This is a BIG regulatory change. Recall how everyone always used to say, don't talk to reporters about your offering! Don't tweet it, don't blog about it! That's the old rule, which remains in place, renumbered now as Rule 506(b).

Well, the upshot of the Simon/Loten WSJ pieces, is, arguably, the maxims that follow from the old rule are still, as a practical matter, still in place. Don't talk to reporters about your offering! Don't tweet it, don't blog about it!

That's because the conditions of the new rule are not trivial. And also because of uncertainty about proposed rules that would make compliance with 506(c) even harder.

The Simon/Loten articles do, however, speak to examples of folks who are using 506(c). And he pieces relay some WSJ data/analysis on how much money has been raised under 506(c) so far.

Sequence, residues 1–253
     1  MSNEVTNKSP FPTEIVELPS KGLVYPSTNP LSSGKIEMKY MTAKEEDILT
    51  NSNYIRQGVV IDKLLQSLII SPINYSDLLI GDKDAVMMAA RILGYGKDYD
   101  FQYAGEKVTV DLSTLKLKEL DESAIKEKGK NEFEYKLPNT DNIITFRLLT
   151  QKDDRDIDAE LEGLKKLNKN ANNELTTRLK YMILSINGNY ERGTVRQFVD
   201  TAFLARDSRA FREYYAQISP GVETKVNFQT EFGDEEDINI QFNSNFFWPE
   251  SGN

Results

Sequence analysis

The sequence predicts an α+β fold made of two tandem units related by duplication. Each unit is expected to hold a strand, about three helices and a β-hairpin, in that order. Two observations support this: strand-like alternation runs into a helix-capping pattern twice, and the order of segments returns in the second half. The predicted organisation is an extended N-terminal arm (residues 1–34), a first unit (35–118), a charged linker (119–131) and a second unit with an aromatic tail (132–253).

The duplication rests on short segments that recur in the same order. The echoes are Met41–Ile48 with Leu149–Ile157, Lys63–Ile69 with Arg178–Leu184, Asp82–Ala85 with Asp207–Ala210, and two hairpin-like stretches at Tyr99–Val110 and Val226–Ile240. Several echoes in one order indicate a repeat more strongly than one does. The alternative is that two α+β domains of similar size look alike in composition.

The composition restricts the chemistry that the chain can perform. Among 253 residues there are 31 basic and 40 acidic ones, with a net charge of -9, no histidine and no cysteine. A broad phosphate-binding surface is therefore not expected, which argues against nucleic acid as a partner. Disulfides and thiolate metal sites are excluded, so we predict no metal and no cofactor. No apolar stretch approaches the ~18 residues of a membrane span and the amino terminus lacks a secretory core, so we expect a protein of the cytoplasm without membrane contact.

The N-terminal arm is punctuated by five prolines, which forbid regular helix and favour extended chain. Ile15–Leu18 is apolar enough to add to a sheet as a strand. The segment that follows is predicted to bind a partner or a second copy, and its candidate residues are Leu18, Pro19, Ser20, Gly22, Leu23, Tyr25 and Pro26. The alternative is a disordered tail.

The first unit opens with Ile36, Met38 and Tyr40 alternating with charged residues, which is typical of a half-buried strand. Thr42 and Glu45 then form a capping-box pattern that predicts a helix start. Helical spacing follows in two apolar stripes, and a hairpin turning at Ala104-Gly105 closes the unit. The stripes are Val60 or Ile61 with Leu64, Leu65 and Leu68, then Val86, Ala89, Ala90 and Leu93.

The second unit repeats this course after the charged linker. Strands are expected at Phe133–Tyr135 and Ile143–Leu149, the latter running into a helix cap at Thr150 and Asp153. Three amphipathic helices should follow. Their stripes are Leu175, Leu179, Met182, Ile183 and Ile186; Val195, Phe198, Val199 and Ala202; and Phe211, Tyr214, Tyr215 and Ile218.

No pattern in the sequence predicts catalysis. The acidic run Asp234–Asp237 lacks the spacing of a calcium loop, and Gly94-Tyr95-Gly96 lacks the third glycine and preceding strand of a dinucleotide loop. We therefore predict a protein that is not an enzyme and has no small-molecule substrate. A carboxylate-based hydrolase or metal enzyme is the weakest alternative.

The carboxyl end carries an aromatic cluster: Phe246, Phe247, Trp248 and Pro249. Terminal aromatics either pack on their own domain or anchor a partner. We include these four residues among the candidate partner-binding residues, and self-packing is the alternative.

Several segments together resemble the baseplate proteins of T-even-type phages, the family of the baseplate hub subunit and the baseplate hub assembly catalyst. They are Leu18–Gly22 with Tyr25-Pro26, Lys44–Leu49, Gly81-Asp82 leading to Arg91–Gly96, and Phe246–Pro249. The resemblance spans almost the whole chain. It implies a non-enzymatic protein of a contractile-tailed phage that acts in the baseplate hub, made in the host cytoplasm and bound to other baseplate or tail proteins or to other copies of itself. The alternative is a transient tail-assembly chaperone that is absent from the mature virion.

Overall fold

"Among companies that have filed with the SEC, those that disclosed their fundraising goals say they intend to raise more than $25 billion, according to The Wall Street Journal's analysis. Since the new measure was implemented, firms that claimed the exemption and have since netted their first investor have raised a total of $1 billion, the analysis shows."

Thanks to Catherine Mott for pointing me to the Simon/Loten articles.

Image: Poster Boy / Flickr.

Early data on use of 506(c) (accredited crowdfunding)

Recent remarks by Keith Higgins, newly appointed Director of the SEC's Division of Corporate Finance, give us some early data on how issuers are making use of new Rule 506(c).

You'll recall that 506(c) is the rule that implements the lifting of the ban on general solicitation in offerings that otherwise meet the applicable Reg D requirements, and also limit purchasers to accredited investors who are subjected to a heightened verification standard. "Implements" refers to the Congressional mandate to do so, under the JOBS Act. (It's interesting to me that Higgins at least once in his written remarks refers to the Congressional mandate as "requiring the Commission to modify the prohibition against general solicitation," emphasis added.)